Stuffing the opposition



Joel Colter, a middle blocker for the Cougars men’s volleyball team, excels at blocking shots


Jonathan Hamelin
Sports Editor


Joel Colter is a master of rejection.


No, Colter does not routinely break people’s hearts. Instead, the fourth-year faculty of kinesiology and health studies student focuses on breaking up plays on the volleyball court.


Colter has recorded 40 total blocked shots (tbs) and 1.48 blocks per set (bps) for the University of Regina Cougars men’s volleyball team so far in his first season with the team. The middle blocker is third in Canada West and fourth in the CIS in bps and is fourth in the conference and 15th in the CIS in tbs.


“A lot of it has to do with teamwork,” noted Colter on his success. “Our outside guys have been setting really good blocks and funnelling the ball towards me. When they get blocks, I usually get partial credit if I help close.”


There are three blockers, two outsides and one middle, on the court for each team in volleyball. Their primary job on defence is to contest the opposition’s spikes and prevent them from scoring easy points. Naturally, when you are jumping up high in the air, it helps to have a height advantage. At 6’4, Colter is a small blocker.


But what he lacks in height, he makes up for in other skills.


“I have a lot of speed, which helps me get into the right position for a block,” explained Colter. “To be a good blocker, it takes a lot of good speed laterally and a lot of discipline. You’ll see a lot of guys come in and try too hard for the block and they end up moving their arms too much. Most of the time, if you just go up and be solid, hitters usually find you.”


Colter has been able to master the technique of blocking shots through a lot of playing time. He became a blocker early in high school, switching over from a setter. Colter notes it was a little difficult catching up with the speed of the game at this new position and having to now hit the ball all the time on offence instead of setting up hitters. But, he only improved as time went on.


Before coming to Regina, Colter most recently played with the Lethbridge College Kodiaks of the Alberta College Athletic Conference. He put up blocking numbers in the ACAC similar to his numbers with the Cougars now. Of course, that was the ACAC, a league less competitive than the Canada West.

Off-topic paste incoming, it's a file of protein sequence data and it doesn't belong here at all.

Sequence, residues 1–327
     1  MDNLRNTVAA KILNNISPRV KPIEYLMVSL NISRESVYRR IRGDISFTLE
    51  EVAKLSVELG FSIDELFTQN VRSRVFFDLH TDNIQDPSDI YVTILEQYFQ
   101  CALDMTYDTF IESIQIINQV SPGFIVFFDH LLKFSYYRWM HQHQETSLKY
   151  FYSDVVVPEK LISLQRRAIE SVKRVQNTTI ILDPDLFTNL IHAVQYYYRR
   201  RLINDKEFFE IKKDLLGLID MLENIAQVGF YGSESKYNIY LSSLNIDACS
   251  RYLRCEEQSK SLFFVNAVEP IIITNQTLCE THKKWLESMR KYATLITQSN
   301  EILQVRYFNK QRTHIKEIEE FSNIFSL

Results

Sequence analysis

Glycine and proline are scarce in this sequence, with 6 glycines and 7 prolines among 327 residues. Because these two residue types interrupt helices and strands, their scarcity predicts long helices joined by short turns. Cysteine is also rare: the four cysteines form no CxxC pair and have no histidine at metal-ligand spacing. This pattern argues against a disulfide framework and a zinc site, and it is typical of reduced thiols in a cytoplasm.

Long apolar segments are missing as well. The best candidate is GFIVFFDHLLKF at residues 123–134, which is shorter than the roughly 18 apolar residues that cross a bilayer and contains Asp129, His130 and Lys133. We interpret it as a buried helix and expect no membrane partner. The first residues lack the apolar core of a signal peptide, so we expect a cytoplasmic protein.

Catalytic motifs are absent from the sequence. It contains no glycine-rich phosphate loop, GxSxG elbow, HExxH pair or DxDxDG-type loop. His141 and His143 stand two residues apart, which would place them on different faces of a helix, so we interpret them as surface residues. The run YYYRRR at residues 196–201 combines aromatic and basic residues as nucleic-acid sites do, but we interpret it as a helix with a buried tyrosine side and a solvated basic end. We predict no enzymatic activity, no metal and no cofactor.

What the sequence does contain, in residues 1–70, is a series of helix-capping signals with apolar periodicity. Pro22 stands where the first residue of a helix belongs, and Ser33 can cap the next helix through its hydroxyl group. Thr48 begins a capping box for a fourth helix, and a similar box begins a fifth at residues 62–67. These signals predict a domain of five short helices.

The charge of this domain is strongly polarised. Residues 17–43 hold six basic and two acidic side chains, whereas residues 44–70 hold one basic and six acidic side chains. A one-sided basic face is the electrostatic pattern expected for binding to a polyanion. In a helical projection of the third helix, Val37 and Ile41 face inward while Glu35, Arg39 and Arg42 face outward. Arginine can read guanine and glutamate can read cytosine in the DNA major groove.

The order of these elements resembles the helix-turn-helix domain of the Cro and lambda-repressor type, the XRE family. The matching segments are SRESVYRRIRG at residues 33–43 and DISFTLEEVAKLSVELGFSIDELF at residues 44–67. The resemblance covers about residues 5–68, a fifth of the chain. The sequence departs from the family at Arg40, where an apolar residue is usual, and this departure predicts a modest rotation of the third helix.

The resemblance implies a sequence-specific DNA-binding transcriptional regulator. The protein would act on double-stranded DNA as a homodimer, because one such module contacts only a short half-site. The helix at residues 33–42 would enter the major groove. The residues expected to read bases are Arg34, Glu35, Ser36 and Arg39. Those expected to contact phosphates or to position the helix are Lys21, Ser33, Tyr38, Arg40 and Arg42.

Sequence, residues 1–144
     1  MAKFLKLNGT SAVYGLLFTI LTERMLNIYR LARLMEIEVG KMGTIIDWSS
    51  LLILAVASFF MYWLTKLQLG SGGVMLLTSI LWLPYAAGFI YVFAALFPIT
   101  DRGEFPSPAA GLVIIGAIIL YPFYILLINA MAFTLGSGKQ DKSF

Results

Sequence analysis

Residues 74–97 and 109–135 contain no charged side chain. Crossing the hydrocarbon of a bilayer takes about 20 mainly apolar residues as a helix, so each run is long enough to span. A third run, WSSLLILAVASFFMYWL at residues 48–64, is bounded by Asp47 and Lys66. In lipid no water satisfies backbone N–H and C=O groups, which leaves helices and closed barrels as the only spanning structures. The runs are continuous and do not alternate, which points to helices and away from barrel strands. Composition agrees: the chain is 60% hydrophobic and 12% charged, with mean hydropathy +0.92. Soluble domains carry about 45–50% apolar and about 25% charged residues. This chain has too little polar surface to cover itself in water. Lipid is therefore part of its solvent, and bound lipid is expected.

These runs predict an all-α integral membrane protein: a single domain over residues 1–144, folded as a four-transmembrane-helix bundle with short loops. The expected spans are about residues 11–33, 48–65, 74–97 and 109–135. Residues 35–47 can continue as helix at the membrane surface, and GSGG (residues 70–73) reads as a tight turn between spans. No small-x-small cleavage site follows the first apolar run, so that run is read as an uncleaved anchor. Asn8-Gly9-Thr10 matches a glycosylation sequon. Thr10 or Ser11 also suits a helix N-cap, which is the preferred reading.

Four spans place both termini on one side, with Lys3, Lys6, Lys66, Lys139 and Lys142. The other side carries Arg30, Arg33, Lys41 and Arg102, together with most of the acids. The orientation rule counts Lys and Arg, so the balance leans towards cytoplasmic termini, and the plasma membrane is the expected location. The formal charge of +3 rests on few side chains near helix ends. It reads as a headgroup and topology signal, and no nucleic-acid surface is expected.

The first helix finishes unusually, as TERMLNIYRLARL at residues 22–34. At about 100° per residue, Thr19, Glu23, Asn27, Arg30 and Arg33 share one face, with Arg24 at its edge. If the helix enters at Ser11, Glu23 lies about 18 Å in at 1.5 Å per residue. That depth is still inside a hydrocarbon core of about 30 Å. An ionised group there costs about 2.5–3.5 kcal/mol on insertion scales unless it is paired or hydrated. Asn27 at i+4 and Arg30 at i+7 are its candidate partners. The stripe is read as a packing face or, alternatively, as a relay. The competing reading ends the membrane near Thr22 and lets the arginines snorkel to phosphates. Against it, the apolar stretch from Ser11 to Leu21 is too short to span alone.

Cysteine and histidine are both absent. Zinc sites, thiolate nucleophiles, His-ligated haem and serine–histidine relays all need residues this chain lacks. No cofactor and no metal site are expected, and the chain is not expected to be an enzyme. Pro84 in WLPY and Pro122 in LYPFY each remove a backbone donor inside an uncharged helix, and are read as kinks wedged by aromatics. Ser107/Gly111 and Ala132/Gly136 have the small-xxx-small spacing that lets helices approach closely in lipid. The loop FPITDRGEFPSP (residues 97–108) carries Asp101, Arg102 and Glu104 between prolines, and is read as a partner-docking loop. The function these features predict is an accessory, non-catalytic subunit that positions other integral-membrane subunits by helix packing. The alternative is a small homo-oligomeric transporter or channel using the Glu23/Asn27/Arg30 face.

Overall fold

Colter admitted that “Canada West is a much tougher league so I didn’t expect to have this kind of success.”


There has been one area, according to both Colter and Cougars head coach Greg Barthel, where Colter has not duplicated his past success. 


“We thought he would contribute more on the offensive end,” Barthel confessed. “Still, the first thing you look for in a middle is defensive abilities.”


Even with the minor offensive woes, it has been a solid relationship between Colter and the Cougars since he joined the squad. For Colter, it has meant coming to a university where he could finish his degree and settling down somewhere familiar to his hometown of Brandon, Man. He has been living with some teammates off campus. For the Cougars, it has meant acquiring the services of a quality player.


“He’s brought a lot of experience to the middle position, which we really needed,” offered Cougars head coach Greg Barthel. “He’s performed really well when it comes to blocking and is a pretty good all-around player.”


This solid relationship has unfortunately not produced many victories for the Cougars. Regina is buried in the conference standings at 1-7. Regina’s past struggles are well-documented. Last season, the team did not even win a conference game.


It leads to a question that everyone associated with the organization is likely tired of hearing, why the struggles?


“I don’t think our record is very indicative of our play,” noted Barthel. “We’ve had some close sets and we’re very competitive.”


“We’re hoping to turn that around this semester when we have some of our easier games,” added Colter, whose squad resumes regular season play this weekend in Alberta. “It is still going to be a pretty big fight for us. 


“After that first semester, the mood isn’t too great (amongst the team) but everybody has high expectations. Hopefully, we’ll improve a little bit and start having some more success. This is going to be the year when try to turn our record around a bit and hopefully draw some more talent in.”


When it comes to blocking, Colter is poised to put up better numbers than any Cougar has for several seasons. Since the 2006-07 season, the highest number of blocks recorded by a Cougar in a season was 53 (Blake Wheler) and the highest number of bps was 0.81 (Drew Smith). With a full semester still to go, Colter should easily finish with higher numbers in both categories.


It is not something Colter is worried about. 


“It doesn’t mean much when you measure it up to our record,” he pointed out. “It is a team sport for sure. All the individual success I have is only important if it’s helping the team.”


Colter’s rank amongst past Cougars


Joel Colter (2010-11)

Matches Played: Eight

Total Blocks: 40

Blocks Per Set: 1.48


Blake Wheler (2008-09)

Matches Played: 18

Total Blocks: 53

Blocks Per Set: 0.80


Drew Smith (2009-10)

Matches Played: 18

Total Blocks: 46

Blocks Per Set: 0.81


Noah Roellchen-Pfohl (2006-07)

Matches Played: 18

Total Blocks: 40

Blocks Per Set: 0.62

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